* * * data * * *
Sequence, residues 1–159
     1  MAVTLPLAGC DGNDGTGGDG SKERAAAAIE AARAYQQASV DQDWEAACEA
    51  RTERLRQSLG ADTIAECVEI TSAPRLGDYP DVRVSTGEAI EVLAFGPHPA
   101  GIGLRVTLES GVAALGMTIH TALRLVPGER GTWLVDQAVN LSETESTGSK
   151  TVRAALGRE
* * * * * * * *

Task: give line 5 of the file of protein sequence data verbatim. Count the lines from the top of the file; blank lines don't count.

   151  TVRAALGRE